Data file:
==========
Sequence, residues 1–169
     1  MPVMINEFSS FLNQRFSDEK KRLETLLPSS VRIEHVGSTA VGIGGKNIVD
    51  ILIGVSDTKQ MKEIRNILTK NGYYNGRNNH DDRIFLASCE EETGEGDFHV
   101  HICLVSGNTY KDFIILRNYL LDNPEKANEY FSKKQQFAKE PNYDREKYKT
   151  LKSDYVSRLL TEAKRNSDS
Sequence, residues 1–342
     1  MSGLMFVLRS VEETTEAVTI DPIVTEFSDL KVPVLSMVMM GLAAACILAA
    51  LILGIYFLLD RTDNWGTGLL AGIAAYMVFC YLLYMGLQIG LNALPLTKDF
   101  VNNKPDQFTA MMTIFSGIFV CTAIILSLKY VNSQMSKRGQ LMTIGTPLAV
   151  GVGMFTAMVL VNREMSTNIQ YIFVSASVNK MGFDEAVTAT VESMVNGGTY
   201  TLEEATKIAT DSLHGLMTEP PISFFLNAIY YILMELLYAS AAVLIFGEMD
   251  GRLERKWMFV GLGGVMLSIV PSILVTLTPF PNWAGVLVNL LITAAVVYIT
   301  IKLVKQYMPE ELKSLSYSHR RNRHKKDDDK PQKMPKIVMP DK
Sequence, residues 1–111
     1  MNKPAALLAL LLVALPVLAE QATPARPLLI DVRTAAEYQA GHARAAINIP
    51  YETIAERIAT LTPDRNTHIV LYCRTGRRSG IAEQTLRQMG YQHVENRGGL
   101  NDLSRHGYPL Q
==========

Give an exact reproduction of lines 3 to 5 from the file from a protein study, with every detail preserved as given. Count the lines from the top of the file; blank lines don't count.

    51  ILIGVSDTKQ MKEIRNILTK NGYYNGRNNH DDRIFLASCE EETGEGDFHV
   101  HICLVSGNTY KDFIILRNYL LDNPEKANEY FSKKQQFAKE PNYDREKYKT
   151  LKSDYVSRLL TEAKRNSDS